It has been a way of life to separate your past from your present, because the past always remains in history texts. Facebook puts a test to this age-old way of life. In some sense, over time, your facebook page becomes the facade you present to the world. To every acquaintance you make, you reveal the stories of your teenage years. It makes you wonder, if your past continuing to haunt you is really a good thing ?
But more than information it gives every acquaintance you make, it probably gives access to every child born in the facebooking generation, a knowledge of the life their parents led prior to their birth. And if the information stored on facebook indeed lasts a lifetime, it would give easy access to the teenage lives of ones grandparents.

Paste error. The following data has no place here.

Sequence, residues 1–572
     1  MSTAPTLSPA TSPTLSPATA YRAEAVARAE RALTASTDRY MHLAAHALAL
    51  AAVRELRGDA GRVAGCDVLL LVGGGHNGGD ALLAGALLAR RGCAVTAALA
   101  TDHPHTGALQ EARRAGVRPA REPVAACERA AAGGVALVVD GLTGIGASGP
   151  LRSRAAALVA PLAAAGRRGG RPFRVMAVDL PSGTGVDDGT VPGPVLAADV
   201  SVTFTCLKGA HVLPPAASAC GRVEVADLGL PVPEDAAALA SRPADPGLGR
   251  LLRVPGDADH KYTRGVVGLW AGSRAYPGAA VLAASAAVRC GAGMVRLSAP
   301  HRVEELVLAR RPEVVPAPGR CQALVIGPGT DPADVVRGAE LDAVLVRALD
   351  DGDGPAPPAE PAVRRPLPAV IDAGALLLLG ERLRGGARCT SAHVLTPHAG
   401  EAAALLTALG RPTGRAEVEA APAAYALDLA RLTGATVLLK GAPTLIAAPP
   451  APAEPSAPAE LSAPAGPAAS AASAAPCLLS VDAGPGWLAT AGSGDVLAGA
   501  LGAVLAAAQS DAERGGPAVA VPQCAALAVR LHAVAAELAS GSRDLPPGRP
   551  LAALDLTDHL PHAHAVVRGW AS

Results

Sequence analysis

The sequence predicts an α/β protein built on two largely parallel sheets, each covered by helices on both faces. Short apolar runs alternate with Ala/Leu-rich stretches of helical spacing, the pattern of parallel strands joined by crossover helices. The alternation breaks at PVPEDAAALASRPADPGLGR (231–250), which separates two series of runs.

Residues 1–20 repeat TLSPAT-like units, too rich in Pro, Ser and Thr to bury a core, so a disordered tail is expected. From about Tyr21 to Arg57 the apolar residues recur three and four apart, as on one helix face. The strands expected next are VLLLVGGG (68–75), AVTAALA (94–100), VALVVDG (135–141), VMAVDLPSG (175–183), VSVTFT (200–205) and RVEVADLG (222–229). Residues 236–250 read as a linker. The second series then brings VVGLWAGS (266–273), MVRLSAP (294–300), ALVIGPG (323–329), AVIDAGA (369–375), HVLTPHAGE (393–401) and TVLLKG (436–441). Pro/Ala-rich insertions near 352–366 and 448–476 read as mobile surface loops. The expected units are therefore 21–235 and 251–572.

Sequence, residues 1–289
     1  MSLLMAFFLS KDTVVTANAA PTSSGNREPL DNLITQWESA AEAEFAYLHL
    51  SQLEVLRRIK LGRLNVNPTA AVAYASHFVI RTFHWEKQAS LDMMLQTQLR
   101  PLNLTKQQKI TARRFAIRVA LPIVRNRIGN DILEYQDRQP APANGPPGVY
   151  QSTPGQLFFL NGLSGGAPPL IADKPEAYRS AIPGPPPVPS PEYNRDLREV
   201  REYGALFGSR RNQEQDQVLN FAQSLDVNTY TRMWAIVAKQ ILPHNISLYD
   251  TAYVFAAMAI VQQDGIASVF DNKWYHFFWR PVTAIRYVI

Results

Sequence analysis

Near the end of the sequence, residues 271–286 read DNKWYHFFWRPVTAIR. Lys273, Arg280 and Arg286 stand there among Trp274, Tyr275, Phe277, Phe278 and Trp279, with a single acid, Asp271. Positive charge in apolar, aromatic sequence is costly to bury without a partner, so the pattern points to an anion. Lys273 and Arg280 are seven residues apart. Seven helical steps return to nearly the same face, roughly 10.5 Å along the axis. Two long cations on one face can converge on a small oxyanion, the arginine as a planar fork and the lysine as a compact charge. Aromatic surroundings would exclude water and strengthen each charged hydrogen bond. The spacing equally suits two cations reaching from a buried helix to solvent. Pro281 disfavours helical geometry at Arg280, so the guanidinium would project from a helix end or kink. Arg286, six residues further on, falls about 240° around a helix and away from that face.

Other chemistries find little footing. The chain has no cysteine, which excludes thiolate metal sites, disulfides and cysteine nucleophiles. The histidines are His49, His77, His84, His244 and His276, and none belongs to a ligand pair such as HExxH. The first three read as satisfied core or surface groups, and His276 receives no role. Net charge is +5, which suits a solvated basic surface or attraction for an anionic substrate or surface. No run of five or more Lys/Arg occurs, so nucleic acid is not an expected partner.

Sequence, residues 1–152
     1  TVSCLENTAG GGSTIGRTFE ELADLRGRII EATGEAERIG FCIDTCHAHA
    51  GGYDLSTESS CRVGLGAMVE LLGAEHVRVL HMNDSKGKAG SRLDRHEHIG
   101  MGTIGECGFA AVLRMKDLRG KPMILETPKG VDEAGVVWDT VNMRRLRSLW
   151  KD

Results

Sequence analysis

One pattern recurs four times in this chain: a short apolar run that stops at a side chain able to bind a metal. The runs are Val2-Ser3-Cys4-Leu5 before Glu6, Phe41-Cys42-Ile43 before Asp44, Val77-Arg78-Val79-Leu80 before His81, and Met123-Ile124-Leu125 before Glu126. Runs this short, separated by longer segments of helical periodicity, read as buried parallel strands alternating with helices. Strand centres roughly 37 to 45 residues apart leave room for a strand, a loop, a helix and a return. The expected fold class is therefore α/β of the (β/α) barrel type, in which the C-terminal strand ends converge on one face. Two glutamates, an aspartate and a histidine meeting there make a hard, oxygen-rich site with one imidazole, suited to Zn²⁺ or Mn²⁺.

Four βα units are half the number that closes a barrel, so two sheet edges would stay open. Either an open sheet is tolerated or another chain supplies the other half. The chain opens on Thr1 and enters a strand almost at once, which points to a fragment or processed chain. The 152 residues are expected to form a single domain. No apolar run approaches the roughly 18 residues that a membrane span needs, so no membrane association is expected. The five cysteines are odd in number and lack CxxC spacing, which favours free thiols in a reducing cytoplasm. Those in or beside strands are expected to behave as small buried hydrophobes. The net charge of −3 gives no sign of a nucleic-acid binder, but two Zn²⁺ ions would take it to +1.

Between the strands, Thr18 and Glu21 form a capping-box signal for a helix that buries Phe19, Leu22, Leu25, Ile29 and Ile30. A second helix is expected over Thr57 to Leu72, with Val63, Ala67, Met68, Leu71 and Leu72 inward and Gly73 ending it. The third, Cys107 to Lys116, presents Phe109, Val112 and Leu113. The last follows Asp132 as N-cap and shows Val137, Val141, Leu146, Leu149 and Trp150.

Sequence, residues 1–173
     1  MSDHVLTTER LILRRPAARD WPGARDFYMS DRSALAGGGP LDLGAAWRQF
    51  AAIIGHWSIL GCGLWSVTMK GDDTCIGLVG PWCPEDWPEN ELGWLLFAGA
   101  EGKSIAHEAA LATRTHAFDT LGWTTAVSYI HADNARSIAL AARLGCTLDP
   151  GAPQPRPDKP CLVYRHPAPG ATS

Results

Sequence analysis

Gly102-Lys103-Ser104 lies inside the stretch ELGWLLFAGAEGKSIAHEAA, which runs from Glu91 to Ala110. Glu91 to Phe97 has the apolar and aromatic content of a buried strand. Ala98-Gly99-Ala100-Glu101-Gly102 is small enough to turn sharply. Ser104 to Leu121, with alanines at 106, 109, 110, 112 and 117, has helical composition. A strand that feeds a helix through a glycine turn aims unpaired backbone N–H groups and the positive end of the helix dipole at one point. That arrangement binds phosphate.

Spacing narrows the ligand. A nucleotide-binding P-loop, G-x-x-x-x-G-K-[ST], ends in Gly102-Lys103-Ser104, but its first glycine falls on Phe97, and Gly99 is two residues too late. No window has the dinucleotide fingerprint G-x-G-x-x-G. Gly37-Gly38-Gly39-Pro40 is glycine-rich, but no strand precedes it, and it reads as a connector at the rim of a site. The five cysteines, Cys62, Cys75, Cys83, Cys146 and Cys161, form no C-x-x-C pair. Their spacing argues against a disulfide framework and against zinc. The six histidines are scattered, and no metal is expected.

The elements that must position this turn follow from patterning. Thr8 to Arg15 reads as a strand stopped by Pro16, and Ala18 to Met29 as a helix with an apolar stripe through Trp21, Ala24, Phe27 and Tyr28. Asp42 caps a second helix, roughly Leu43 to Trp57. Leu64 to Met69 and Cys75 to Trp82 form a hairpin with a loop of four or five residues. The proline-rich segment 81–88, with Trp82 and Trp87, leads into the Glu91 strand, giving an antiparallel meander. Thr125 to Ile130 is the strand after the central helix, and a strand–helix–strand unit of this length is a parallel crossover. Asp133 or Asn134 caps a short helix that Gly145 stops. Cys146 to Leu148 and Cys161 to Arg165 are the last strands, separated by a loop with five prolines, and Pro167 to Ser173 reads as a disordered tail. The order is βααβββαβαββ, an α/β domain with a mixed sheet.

Parenting has revolved around the idea that a child cannot know their past until you tell them, and this has proved to be a way for parents suitably mould the recountings of their past experiences in order to create better futures for their children. In a brutally honest world, where your honesty is defined by your posts in the virtual ecosystem, the basis on which personal relationships develop, would definitely be very different. I believe that if facebook existed 60 years ago, the stories my grandparents narrated, would definitely not be as engrossing, because they would have to revolve around verifiable ‘true’ events. And when you think about that, 60 years from now, much of the ‘real’ world will be boring.